“The Look of Silence,” Joshua Oppenheimer‘s chilling look at the Indonesian genocide of the 1960s and a companion piece to his 2013 film “The Act of Killing,” has been named the best nonfiction feature of 2015 at the Cinema Eye Honors.
Oppenheimer was also named best director, while his film’s producer, Signe Byrge Sorensen, won an award for production.
While Asif Kapadia’s “Amy” has won the lion’s share of critics’ awards for documentaries this year, “The Look of Silence” also won the top award at the International Documentary Association’s IDA Documentary Awards, the other main honor for nonfiction filmmaking.
“Meru” won the Cinema Eye Audience Choice Prize, the only award for which the general public was eligible to vote.
The award for the best first-time filmmaker went to Crystal Moselle for “The Wolfpack,” while the Spotlight Award, designed to bring attention to a little-seen film, went to “Toto and His Sisters.”
The Heterodox Award, which goes to a film that mixes fiction and nonfiction storytelling techniques, was awarded to Iranian filmmaker Jafar Panahi’s wry “Taxi.”
In the craft categories, “Kurt Cobain: Montage of Heck” was honored for its graphic design or animation; “Cartel Land” and “Meru” tied for the cinematography award; Laurie Anderson won the music award for “Heart of a Dog”; and “Amy” won for its editing.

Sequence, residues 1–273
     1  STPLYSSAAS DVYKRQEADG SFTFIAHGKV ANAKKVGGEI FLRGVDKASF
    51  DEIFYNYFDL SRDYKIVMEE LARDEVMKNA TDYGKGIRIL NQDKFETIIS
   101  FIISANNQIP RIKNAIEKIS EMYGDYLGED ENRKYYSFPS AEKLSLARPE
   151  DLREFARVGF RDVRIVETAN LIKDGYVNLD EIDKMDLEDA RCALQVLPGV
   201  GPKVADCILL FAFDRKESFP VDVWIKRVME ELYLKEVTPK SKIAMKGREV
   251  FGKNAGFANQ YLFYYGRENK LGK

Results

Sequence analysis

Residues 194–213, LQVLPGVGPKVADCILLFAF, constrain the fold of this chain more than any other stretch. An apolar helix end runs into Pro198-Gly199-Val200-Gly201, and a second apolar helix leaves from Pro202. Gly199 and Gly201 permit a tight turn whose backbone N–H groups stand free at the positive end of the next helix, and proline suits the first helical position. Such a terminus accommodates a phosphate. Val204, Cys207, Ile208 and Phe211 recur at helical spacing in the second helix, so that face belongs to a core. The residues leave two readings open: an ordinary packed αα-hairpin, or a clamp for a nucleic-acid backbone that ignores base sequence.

“Amy,” “The Look of Silence,” “Meru,” “Cartel Land” and “Heart of a Dog” all made the Oscar shortlist for Best Documentary Feature.
The HBO doc “Private Violence” won the award for a nonfiction film made for television.
“Cartel Land” had led all films in nominations going into the ceremony, with five.
The Cinema Eye Honors were launched in New York City in 2007 to pay tribute to all aspects and crafts of nonfiction filmmaking. Cinema Eye nominees were determined by the vote of film-festival programmers around the world, while about 200 to 300 filmmakers, distributors, grantors, sales agents, curators and writers are invited to vote for the winners. (Full disclosure: I am a voter.)
The ceremony was held at the Museum of the Moving Image in New York City, and hosted by “Hoop Dreams” and “Life Itself” director Steve James.
Outstanding Achievement in Nonfiction Feature Filmmaking: “The Look of Silence,” directed by Joshua Oppenheimer, produced by Signe Byrge Sorensen
Outstanding Achievement in Direction: Joshua Oppnheimer, “The Look of Silence”
Outstanding Achievement in Editing: Chris King, “Amy”
Outstanding Achievement in Production: Signe Byrge Sorensen, “The Look of Silence”
Outstanding Achievement in Cinematography: (tie) Matthew Heineman and Matt Porwoll, “Cartel Land,” and Jimmy Chin and Renan Ozturk, “Meru”
Outstanding Achievement in Nonfiction Films Made for Television: “Private Violence,” directed and produced by Cynthia Hill
Audience Choice Prize: “Meru,” directed by Jimmy Chin and Chai Vasarhelyi
Outstanding Achievement in a Debut Feature Film: “The Wolfpack,” directed by Crystal Moselle
Outstanding Achievement in Original Music Score: Laurie Anderson, “Heart of a Dog”
Outstanding Achievement in Graphic Design or Animation: Stefan Nadelman and Hisko Hulsin, “Kurt Cobain: Montage of Heck”
Spotlight Award: “Toto and His Sisters,” directed by Alexandre Nanau
Outstanding Achievement in Nonfiction Short Filmmaking: (tie) “Buffalo Juggalos,” directed by Scott Cummings, and “Hotel 22,” directed by Elizabeth Lo
Heterodox Award: “Taxi,” directed by Jafar Panahi